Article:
The End of the Teenage Keg Party?
Activists hoping to convince New Jersey State Legislators of a need for name tagging on all kegs of beer sold in the state, hope to see the end of the underage keg party.
New Jersey activists concerned about underage drinking hope to see name tags affixed to any and all kegs of beer sold or rented across the state.
Police breaking up underage drinking parties often confront a pack of drunken kids and an anonymous keg of beer, with no way of knowing who bought the beer, or who to charge for the crime. Now lobbyists hope to convince state legislatures to impose mandatory tagging on any kegs of beer sold in the state; tags that would contain the name and address of the purchaser – leaving anyone buying beer for minors in potentially serious trouble.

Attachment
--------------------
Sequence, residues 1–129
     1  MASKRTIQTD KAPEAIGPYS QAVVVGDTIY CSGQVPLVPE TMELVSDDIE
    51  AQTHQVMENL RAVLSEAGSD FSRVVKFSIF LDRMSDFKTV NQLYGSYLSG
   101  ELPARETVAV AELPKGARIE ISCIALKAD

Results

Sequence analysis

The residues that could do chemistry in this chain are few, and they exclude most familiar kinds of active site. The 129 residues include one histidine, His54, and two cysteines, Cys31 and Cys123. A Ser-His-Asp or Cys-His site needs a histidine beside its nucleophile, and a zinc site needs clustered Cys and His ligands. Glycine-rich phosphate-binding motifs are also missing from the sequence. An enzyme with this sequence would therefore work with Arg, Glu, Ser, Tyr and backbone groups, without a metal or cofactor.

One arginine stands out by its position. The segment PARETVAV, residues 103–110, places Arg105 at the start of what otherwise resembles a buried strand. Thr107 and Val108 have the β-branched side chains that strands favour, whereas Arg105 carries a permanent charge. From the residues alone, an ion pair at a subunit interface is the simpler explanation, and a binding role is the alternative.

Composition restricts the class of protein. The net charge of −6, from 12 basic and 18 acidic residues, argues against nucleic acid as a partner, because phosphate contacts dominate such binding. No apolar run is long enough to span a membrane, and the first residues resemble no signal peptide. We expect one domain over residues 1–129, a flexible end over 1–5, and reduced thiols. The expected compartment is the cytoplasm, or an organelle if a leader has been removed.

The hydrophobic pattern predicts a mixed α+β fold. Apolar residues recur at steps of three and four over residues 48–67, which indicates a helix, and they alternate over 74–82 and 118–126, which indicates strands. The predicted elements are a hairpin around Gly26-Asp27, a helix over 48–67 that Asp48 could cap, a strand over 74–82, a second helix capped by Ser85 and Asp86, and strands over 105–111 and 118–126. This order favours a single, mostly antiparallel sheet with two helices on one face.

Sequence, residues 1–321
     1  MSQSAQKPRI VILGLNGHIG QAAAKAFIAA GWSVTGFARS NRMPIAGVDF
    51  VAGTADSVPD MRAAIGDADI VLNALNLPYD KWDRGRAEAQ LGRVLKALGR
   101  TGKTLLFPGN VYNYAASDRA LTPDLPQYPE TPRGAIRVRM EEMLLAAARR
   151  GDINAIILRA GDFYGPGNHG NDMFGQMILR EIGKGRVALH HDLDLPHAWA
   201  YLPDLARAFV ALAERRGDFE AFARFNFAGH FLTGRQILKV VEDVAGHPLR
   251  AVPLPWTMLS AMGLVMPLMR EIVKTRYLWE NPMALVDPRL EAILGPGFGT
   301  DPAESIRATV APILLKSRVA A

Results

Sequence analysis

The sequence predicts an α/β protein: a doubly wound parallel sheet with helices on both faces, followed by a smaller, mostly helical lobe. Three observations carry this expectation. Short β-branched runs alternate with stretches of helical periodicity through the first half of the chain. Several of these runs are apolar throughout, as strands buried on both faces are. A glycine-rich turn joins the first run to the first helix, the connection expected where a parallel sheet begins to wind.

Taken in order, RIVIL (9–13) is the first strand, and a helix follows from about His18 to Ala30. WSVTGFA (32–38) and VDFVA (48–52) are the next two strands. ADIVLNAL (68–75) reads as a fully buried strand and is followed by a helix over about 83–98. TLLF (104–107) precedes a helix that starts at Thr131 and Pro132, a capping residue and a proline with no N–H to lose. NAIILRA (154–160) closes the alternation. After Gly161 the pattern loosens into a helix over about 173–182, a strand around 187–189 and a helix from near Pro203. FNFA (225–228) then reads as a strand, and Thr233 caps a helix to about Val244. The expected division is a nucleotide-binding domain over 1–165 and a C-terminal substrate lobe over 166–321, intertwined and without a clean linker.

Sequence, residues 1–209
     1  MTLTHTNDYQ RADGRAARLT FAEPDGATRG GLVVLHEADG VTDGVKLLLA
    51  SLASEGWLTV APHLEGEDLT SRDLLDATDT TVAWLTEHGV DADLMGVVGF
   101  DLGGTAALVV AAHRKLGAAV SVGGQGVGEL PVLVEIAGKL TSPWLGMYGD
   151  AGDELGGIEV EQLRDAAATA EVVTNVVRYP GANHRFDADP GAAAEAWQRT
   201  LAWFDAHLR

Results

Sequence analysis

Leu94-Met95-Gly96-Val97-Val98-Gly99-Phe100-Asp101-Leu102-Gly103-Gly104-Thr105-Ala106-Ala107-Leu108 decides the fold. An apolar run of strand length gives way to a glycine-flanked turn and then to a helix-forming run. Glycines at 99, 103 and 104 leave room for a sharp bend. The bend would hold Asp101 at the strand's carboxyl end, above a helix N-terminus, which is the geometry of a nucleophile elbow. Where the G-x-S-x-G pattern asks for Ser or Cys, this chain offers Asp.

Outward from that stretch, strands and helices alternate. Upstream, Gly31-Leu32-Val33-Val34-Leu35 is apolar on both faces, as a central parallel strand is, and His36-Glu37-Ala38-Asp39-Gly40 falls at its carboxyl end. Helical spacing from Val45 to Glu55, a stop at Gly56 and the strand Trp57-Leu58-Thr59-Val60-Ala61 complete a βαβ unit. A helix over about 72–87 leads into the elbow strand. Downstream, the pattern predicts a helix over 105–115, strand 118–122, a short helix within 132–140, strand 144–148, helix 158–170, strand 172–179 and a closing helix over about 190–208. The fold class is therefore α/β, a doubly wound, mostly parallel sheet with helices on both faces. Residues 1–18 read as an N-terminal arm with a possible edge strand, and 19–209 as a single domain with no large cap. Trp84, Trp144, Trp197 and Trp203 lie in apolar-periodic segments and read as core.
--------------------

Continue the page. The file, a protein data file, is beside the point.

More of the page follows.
The New Jersey Liquor Store Alliance is not surprisingly opposed to any efforts to further legislate the sale of alcohol, weakly proposing that tagging beer kegs would only move teens on to hard liquor drinking.
Surprisingly, momentum for the state wide statute came only after a state official called municipal statues requiring the tagging of identities to kegs problematic. Jerry Fischer, Director of the State Division of Alcoholic Beverage Control, wrote that selected and scattered legislations requiring for keg tagging meant that someone buying beer legally in one municipality and bringing it into another municipality (one that required tagging) would result in a crime.
He argued that the enforcement of such scattered legislations was problematic, and that it was not the job of any municipality to enforce legislation on another municipality.
Although his arguments seemed a blow to activists calling for tagging, the response has been a concerted move to state level lobbying, and a potential state wide requirement for beer keg tagging before the end of the current session of legislature.